A new generation of perovskite-silicon tandem solar cells can break the theoretical 30% efficiency barrier, Science reports. Two research groups present different molecular methods to pull this off. The biggest challenge is the limited stability of these cells. ‘Extending the lifespan is now more important than a further increase in efficiency.’  

The more efficient you can convert the solar spectrum into energy, the higher the overall efficiency of a solar cell. Improving that efficiency can be achieved via a tandem solar cell, which consists of two layers. The top layer absorbs high-energy photons and the bottom layer absorbs low-energy photons. Two simultaneously published, but independent, papers in Science describe two different methods to make a perovskite-silicon tandem solar cell with an efficiency of more than 30%. In comparison, the theoretical maximum efficiency of a silicon solar cell is around 29%. Both groups used molecular methods to counteract the losses between perovskite and the cell’s upper conductive layer. 

In July 2022, Xin Yu Chin’s team (Ecole Polytechnique Fédérale de Lausanne) already reported a certified conversion efficiency of 31.25% with their monolithic perovskite-silicon tandem solar cell. They now describe the method they used: chemical vapour deposition of one of the two perovskite precursor materials in a controlled vacuum, followed by deposition of the second perovskite precursor from a solution. This is followed by conversion to the perovskite phase.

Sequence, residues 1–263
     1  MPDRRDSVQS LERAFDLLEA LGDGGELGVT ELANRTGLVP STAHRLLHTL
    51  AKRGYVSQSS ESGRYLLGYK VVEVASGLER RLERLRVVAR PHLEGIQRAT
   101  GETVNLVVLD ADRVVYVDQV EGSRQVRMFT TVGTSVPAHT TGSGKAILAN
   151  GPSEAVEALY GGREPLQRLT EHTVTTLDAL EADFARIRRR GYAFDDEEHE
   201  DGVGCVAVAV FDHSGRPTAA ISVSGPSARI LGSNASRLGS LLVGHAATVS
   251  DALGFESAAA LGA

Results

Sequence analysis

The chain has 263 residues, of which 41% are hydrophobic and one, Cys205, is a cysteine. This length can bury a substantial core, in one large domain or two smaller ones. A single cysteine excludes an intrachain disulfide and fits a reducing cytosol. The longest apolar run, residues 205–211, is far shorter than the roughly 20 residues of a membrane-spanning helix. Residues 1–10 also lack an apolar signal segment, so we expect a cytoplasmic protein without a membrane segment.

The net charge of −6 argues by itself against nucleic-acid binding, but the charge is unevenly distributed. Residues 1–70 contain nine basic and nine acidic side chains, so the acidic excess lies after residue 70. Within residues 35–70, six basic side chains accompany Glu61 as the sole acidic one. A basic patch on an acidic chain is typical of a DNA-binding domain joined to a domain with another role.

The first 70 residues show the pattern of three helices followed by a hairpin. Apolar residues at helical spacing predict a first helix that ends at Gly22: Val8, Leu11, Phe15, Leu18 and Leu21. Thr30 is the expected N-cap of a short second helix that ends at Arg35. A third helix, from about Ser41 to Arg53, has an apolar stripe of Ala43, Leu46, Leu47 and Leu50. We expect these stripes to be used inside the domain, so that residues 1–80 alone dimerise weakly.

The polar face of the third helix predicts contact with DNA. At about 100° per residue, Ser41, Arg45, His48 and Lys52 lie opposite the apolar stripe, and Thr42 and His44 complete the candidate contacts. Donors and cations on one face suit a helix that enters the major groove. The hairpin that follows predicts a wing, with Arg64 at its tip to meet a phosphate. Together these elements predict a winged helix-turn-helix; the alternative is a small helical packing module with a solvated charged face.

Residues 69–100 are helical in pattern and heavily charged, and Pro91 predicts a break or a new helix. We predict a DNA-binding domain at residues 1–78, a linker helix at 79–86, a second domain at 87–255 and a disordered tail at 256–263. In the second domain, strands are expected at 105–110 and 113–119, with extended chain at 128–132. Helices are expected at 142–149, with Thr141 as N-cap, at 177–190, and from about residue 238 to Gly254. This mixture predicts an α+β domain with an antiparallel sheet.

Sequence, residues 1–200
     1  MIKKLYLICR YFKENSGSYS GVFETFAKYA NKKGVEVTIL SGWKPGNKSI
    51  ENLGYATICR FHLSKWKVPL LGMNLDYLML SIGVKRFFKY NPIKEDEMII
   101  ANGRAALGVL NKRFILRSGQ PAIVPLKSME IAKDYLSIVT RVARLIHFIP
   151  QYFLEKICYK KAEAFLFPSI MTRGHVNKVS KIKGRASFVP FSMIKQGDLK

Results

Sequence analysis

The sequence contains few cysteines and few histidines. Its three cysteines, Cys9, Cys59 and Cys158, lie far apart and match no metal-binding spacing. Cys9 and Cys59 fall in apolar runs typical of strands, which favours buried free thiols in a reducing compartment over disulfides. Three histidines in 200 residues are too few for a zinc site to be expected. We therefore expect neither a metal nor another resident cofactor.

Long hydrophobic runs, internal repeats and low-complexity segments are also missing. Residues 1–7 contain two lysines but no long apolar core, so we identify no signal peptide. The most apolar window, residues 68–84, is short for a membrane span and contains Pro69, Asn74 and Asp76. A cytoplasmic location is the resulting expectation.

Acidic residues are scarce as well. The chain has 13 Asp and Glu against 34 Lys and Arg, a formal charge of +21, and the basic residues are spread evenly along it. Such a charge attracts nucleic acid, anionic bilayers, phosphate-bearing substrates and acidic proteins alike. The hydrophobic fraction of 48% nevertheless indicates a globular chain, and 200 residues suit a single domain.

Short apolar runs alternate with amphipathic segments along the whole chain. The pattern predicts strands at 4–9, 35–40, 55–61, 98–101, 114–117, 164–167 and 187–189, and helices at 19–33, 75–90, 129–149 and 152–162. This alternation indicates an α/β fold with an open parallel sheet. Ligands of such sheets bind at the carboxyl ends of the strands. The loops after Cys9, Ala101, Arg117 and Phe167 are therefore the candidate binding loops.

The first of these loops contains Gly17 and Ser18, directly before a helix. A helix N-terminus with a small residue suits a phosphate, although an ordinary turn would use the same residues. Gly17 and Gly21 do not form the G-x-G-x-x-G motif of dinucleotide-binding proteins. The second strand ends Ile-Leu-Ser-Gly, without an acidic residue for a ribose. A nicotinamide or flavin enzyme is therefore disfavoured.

Losses at the interface  

A silicon solar cell is not flat, which makes it difficult to apply an additional layer, as co-author Julian Steele of KU Leuven explain. ‘The silicon layer has a micropattern of pyramids, the size of a tenth of a human hair, to prevent reflection. You want to preserve that pattern when applying a conformal layer. But if you only deposit from a solution, the micropattern will be filled, resulting in another flat layer.’ They decided on chemical vapour deposition for the first part of the reaction. ‘This way, we create a uniform template layer on the silicon. In the solution step, the material bonds only with that template layer and the pattern is preserved.’ 

Unfortunately, that approach hampered the attachment of the conductive layer (fullerene, C60), which in turn reduced the cell’s overall performance. The team solved this by adding a phosphonic acid-based additive, which flows to the surface of the perovskite layer during crystallisation. Steele has a background in crystallography and he used X-ray spectroscopy to follow the growth of the perovskite crystal in situ. He watched the first and second layers merge into one. ‘The additive slowed down crystal growth. Crystal quality is increases with slow growth, as this creates larger domains with fewer defects. And that resulted in reducing the performance loss at the perovskite-C60 interface.’  

Meanwhile at the Helmholtz-Zentrum Berlin für Materialien und Energie, Silvia Mariotti and colleagues came up with another molecular method to counteract the losses at the perovskite-C60 interface. They used piperazinium iodide, an ionic liquid, for a tandem cell with a planar silicon substrate and a perovskite layer that they produced via solution. This substance contains electron acceptor groups and donor groups that interact with the surface defects of the perovskite. In 2002, they reported an efficiency of 32.5% using this approach.   

Chemically vulnerable